Yesterday, in the spirit of Bank Holiday spring cleaning, I decided I would finally tackle the great heap of academic books that came back from my university rooms and which have been lying for almost three years now under a throw. The hope was that they might have the vague appearance of a table, but they have never really looked like anything other than the corpse of my intellectual life. I’ve done a lot of book culling this year, and before storing what I wanted to keep in plastic containers in the loft, I knew I ought to make a serious attempt to reduce their number. When I first took the throw off it was like unveiling a time capsule, packed full of books I had completely forgotten about. I sat back on my heels, thinking how smart I would have been, had I managed to read all of them. The question now was how many to keep, which translated as: how smart did I think I would be in the future? There was an honest answer to that and an idealistic one. Which to choose?

It occurred to me that these two experiences concerned the books at the furthest ends of my reading spectrum. I’ve always really liked reading everything. I’ve never wanted to define myself by being the ‘type of person’ to read only one genre or another, high literature or low. I never wanted the possibility of a book foreclosed to me before I even knew what it was about. When I was a teenager in the 80s, I loved reading Jilly Cooper and Judith Krantz, Susan Howatch and the sort of family saga that reached a zenith with Elizabeth Jane Howard’s Cazalet Chronicles at the start of the 90s. After that, there was a great phase of witty, sharply observed women’s writing, by authors like Kathy Lette, Anna Maxted, Victoria Clayton and Caro Fraser. All the time I was reading these books, I was studying Beauvoir and Proust, Camus and Sartre, Colette and Duras, Hermann Hesse, Kafka, Goethe, Barthes, Freud, Lacan, Nietzsche, Derrida. Why not? As the new millenium approached, I spent an hour a night reading children’s literature to my son and loving that, too. The more the merrier. I loved the feeling of imaginative expansion, all these ways of seeing, all these approaches to storytelling.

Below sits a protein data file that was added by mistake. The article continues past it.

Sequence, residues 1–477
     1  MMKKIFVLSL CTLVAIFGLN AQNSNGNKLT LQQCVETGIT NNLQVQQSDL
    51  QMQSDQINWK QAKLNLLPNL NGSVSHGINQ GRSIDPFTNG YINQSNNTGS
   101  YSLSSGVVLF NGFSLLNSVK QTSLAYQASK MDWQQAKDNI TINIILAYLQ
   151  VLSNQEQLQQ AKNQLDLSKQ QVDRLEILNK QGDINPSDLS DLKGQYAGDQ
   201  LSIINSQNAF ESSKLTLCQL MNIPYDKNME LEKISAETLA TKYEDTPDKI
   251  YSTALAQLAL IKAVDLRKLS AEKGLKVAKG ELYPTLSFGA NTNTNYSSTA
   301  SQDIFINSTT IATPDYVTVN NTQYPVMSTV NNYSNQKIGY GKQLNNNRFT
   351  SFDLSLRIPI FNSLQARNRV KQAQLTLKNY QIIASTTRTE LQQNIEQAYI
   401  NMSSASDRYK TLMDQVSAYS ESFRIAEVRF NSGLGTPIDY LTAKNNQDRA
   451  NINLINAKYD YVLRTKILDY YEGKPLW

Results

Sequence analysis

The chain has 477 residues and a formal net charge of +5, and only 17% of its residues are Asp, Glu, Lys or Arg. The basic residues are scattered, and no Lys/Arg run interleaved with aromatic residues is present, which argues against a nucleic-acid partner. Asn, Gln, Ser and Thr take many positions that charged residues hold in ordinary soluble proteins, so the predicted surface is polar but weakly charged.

But in the past few years something has definitely changed. I suppose it is probably me. I decided with great reluctance to give away the pristine, untouched books I owned by Deleuze and Guattari, philosophers I barely understood when I was at the height of my intellectual curiosity. And I have to say that I don’t like a lot of the mass market fiction that’s currently being written. The Girl on the Train was its epitome (or nadir?) for me – a narcissistic narrator, a silly, overly sensational plot and badly written. It’s that flat, first person present tense narration that I truly hate, all cliché and ultra-conventional emotions laid out as if they were insightful. I find myself much more drawn towards Dorothy Whipple, Angela Thirkell and Barbara Pym for my essential comfort reading, as all three can turn an exquisite and characterful sentence.